Senior Solicitor Kartik Mittal examines the effectiveness of imposing a sanctions regime on Pakistan to combat the harbouring of terrorists.
The latest escalation in tensions came on 14 February 2019, when a terrorist suicide attack killed 46 Indian security personnel in Kashmir. India squarely held Pakistan responsible. It is alleged by India that the Pulwama attack was carried out by a local suicide bomber, who claimed allegiance to Pakistan-based terror group Jaish-e-Mohammed (JeM). India says that JeM has links to the Pakistani intelligence services.
Frustrated at a lack of action by Pakistan against JeM, on 26 February 2019 India launched an air attack inside Pakistani territory on JeM training camps (which Pakistan denies). Two days later, Pakistan announced that it had shot down one Indian fighter plane over Kashmir, prompting fears of an escalation to all-out war.
India is not alone in accusing Pakistan of taking a soft line on terror groups. The Paris-based watchdog the Financial Action Task Force, suggested that Pakistan could shortly be placed on its blacklist if specific steps to clamp down on the financing of JeM and other groups were not taken by May.
India is unfortunately no stranger to terror attacks on its soil. The 2008 Mumbai attacks left 166 dead. That attack was also widely blamed on Pakistani militants. The former Pakistani Prime Minister Nawaz Sharif was recently reported as saying, “Militant organisations are active. Call them non-state actors, should we allow them to cross the border and kill 150 people in Mumbai? Explain it to me. Why can’t we complete the trial?”
India has promised to isolate Pakistan as a result of the Pulwama attack. Yet Nawaz Sharif recently said that Pakistan’s failure to contain terror groups means that, “we have isolated ourselves”. Osama Bin Laden, famously, was also found in Pakistan in 2011, having lived there for five years, in a conspicuous compound.
It seems Pakistan is belatedly feeling the weight of international disapproval at how terror groups have been able to use the country as a safe haven. It has recently promised to do more to disrupt such groups. On 5 March 2019, it said it had arrested key figures responsible for the Pulwama attack. However, many in India will fear that this is merely window dressing, and that little of substance will change.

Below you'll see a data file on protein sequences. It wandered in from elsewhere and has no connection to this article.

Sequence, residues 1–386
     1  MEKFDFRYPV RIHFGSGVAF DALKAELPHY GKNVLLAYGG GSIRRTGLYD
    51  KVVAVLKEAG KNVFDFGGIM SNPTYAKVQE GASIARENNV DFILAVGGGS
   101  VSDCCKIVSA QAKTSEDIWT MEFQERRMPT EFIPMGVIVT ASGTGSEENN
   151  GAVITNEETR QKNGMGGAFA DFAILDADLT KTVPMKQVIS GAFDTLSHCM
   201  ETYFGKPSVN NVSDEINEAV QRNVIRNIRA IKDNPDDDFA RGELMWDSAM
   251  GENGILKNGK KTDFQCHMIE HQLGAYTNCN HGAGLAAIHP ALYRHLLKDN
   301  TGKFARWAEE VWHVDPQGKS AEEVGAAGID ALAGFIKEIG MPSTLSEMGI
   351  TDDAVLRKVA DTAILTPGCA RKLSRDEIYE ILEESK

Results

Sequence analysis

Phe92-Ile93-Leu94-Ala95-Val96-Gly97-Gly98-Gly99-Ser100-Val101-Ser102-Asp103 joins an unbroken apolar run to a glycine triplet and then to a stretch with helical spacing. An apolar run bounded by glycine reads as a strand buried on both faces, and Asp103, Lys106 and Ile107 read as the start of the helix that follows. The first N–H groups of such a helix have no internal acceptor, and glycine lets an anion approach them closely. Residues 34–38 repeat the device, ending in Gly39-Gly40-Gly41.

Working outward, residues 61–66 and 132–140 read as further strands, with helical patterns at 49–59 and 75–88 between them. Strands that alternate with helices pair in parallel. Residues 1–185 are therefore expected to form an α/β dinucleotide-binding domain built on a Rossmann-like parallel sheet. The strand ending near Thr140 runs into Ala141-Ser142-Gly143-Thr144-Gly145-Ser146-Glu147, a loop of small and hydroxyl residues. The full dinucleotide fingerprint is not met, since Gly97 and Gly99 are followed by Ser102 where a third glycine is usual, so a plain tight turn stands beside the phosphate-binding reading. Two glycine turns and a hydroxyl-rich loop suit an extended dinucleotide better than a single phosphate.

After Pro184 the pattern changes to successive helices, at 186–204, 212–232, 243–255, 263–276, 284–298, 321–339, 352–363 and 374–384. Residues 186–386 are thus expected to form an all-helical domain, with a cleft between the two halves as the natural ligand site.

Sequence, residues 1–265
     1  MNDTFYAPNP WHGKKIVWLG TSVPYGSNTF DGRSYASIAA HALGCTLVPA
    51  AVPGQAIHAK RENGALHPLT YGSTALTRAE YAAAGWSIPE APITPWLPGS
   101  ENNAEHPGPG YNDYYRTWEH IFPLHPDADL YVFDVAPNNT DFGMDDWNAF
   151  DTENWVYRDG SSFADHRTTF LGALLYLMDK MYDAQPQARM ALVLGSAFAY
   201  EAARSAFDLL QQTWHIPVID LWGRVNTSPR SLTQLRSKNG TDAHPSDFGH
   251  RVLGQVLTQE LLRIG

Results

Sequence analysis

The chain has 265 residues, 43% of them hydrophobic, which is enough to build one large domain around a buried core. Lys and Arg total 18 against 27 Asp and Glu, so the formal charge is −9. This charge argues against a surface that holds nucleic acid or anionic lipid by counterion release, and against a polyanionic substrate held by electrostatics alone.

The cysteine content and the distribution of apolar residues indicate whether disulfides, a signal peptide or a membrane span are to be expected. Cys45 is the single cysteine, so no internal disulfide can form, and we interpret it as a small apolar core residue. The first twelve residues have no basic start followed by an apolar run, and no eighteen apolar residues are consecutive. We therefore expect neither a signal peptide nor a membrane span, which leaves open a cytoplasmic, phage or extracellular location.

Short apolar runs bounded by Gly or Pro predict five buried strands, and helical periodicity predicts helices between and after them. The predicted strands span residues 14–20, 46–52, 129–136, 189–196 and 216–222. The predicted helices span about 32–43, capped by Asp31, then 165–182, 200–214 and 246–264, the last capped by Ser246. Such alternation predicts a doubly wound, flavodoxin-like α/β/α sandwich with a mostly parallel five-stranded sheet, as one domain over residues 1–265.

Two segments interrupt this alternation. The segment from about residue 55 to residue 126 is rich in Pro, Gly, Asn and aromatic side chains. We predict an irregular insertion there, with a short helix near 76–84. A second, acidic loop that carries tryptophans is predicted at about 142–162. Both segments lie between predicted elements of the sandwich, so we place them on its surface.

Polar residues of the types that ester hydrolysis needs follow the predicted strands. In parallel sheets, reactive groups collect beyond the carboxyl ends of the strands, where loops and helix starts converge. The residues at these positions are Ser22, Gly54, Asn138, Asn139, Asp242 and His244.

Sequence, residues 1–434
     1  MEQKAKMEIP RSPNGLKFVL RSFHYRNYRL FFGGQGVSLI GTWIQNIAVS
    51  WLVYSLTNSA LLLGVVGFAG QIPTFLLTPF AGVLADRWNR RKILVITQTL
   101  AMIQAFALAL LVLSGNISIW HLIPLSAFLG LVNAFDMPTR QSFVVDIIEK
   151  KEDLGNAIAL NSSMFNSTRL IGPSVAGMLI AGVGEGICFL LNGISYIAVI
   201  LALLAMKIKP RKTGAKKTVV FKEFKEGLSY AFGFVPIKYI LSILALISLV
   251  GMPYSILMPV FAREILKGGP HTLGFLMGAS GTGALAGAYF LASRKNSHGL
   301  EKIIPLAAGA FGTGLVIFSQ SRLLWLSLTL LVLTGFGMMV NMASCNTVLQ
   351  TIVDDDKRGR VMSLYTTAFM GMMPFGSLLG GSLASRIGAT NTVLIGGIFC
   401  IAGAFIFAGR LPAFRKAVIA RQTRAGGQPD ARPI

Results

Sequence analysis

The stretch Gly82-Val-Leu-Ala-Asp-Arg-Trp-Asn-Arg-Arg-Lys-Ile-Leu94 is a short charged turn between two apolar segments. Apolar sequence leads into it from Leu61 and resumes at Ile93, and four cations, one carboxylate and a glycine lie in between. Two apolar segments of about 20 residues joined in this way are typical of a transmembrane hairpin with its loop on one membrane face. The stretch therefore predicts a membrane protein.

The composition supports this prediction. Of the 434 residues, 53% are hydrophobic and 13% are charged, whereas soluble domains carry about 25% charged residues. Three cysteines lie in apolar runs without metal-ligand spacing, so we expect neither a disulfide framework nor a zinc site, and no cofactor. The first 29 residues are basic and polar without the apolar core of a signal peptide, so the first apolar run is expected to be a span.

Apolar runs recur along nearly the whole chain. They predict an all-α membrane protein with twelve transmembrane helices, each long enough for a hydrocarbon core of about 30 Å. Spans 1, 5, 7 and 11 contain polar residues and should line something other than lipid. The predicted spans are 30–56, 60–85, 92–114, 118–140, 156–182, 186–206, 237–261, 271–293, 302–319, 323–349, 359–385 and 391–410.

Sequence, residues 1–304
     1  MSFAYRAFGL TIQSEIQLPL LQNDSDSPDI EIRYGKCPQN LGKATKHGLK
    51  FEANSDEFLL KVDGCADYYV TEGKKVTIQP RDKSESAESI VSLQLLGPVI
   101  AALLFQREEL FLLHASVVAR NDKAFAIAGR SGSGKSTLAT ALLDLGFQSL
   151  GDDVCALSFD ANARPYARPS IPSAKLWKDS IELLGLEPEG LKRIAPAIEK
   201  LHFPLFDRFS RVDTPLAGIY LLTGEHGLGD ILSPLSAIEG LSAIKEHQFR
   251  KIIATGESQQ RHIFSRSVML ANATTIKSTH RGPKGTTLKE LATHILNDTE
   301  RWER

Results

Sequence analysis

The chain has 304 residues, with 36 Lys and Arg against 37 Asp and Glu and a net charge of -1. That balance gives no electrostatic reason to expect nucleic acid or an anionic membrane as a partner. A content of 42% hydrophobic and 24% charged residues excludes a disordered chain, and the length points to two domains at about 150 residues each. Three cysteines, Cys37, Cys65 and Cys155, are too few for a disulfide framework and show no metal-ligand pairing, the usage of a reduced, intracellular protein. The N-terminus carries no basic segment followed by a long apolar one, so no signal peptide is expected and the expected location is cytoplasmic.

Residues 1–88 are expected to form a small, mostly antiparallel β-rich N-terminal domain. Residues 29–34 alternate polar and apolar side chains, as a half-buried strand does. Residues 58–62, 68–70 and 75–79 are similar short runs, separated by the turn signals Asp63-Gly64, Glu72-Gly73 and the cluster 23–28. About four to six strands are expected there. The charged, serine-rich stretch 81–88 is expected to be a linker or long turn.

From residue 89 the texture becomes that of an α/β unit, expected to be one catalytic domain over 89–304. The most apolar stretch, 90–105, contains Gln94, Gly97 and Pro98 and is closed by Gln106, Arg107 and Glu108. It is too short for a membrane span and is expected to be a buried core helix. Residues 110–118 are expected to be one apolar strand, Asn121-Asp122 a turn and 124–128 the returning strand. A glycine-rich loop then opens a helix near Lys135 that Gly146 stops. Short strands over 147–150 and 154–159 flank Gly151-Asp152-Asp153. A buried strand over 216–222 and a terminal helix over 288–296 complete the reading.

Against this complex and murky background, India must decide how to best combat terrorism. In the wake of the latest attack, India again called for the UN Security Council to impose sanctions against Masood Azhar, the JeM chief. However, these efforts were blocked by China.
Sanctions regimes imposed on named terrorist organisations have often had a minimal impact, especially where they operate in a country that shelters their activities. A well-crafted sanctions regime against Pakistan may be the best approach to stop it sheltering terror groups.
India has confirmed that it will go it alone on economic sanctions. It has revoked Pakistan’s “most favoured nation” trading status. However, Pakistan-India trade only amounts to around US2 billion. The balance of trade is also titled heavily in favour of Pakistan. For sanctions to have a significant effect, India will need to persuade powerful economic actors to join such an effort.
Sanctions are most effective when a number of countries work collectively. The ideal scenario would be for sanctions to be imposed through a resolution passed by the United Nations Security Council. This seems unlikely, given China’s evident unwillingness to act. It is most likely that a group of willing countries will have to collectively impose sanctions.
The US has declared its “strong support” for India in the wake of the Pulwama attack. It has repeatedly shown frustration at Pakistan’s harbouring of terror groups. President Trump even began 2018 with a tweet saying that the US “has foolishly given Pakistan more than 33 billion dollars in aid over the last 15 years, and they have given us nothing but lies & deceit, thinking of our leaders as fools. They give safe haven to the terrorists we hunt in Afghanistan, with little help. No more!” Last year, the US cut $300 million in military aid to Pakistan, and $1.66 billion in security assistance.
The EU is Pakistan’s biggest trading partner, purchasing 23.7% of Pakistan’s total exports in 2015. Even the threat of EU sanctions could persuade Pakistan to act. The EU recently called for Pakistan to implement “clear and sustained actions targeting not only all UN-listed transnational terrorist groups but also individuals claiming responsibility for such attacks.”
India has a long and noble tradition of non-violent action. If India can muster an international coalition in favour of economic sanctions, it could peacefully persuade Pakistan to – at long last – clamp down on the terror groups operating on its soil.